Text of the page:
Short-staffed 911 call centers lead to longer waits in emergencies

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“There’s somebody trying to break into my house, it looks like one person, please send someone,” said a frantic Sacramento County resident during a recent 911 call. 

Every year, more than 850,000 calls are made to the Sacramento County Sheriff’s Department, where dispatchers work 10-hour shifts four days a week at the call center. 

However, the department is faced with a challenge other communities across the country are facing in call centers. The department is working on limited staff. 

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“It’s been a hard couple of years for communication centers and the people that work inside of them,” Bureau Commander Burk Stearns said.  

In emergency situations, people usually make the first calls to 911 for help. However, there’s growing concerns about longer wait times when every second could mean the difference between life and death in some situations. 

“Seconds do matter,” Wooten said. “If it’s a police call, it can mean the difference between finding a perpetrator or not.”

Every year, more than 240 million calls are made to 911 nationwide, according to the National Emergency Number Association. 

“It’s been difficult, because of quarantine, and other illnesses that have come about,” Stearns said. 

In Sacramento County, COVID-19 has left many of the desks empty where dispatchers would normally sit. However, it’s not just in California where the dispatcher desks are empty, which is leading to longer wait times. 

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Communities in Texas, Colorado, Indiana and other areas in the country are are working with limited staff, according to Ty Wooten, director of governmental affairs for the International Academies of Emergency Dispatch.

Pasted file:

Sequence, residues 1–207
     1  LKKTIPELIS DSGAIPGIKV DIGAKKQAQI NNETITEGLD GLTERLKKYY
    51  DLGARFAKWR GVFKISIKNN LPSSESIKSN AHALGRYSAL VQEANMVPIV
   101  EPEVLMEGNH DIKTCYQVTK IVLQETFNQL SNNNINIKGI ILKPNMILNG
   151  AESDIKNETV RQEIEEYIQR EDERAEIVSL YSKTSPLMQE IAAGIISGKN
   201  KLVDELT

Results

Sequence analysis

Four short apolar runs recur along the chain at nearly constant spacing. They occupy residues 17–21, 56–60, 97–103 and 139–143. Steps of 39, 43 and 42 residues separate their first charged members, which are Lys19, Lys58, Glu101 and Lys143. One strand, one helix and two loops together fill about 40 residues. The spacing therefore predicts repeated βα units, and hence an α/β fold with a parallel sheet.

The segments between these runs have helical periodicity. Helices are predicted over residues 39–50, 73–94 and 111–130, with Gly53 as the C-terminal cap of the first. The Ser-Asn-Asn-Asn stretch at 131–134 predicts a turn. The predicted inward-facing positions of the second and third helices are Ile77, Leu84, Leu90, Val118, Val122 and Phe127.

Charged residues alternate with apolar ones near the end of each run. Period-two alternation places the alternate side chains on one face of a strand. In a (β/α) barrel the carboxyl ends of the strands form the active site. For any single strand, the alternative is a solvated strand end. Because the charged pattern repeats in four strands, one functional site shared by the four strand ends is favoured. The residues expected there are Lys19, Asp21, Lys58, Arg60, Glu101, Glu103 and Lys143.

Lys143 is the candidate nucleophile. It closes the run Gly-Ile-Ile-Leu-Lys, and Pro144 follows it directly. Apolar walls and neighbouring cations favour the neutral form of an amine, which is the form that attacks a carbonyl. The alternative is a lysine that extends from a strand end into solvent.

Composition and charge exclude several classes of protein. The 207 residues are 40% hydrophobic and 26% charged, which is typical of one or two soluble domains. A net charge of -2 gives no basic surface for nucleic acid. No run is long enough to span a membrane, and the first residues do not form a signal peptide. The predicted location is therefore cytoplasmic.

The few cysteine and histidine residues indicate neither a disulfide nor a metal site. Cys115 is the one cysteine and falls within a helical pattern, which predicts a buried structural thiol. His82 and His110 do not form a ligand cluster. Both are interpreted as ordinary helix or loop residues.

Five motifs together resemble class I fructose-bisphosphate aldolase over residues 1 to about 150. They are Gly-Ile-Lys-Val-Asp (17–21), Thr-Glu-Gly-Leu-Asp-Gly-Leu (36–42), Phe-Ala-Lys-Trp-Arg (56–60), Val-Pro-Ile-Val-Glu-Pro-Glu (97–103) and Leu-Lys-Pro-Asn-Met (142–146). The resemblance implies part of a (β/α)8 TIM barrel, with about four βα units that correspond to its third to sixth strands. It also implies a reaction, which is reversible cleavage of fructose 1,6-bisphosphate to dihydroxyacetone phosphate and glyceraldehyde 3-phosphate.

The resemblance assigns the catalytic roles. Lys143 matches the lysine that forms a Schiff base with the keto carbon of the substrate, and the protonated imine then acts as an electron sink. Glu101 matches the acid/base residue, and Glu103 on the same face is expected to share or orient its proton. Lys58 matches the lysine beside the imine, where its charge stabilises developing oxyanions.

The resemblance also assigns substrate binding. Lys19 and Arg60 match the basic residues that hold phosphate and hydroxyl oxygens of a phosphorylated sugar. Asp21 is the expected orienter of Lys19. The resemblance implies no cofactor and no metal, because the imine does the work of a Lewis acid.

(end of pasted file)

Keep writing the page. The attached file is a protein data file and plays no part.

Many staff members at the Sacramento County Sheriff’s Department Communications Center are now working up to 15-hour days, even on their days off. 

“You also have the potential for increased errors, because if we’re working people more, then they don’t have the time to get the rest which can lead to problems when they are working,” Wooten said. 

Wooten said it also leads to burnout, causing many dispatch staff to quit, which has contributed to the struggle of finding staff.

“We’ve definitely been working harder, with overtime, and we’ve brought in extra help to make sure calls are answered,” Stearns said. 

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Training is also one of the challenges of getting people on the job, both Wooten and Stearns said. In some cases, it could take up to six months before trainees are ready to answer calls. 

“I never worked here, I came here as a commander and to get to know the people behind the phone I took for granted as a patrol officer. You click your radio and the dispatcher makes things happen for you, it’s humbling” Stearns said. 

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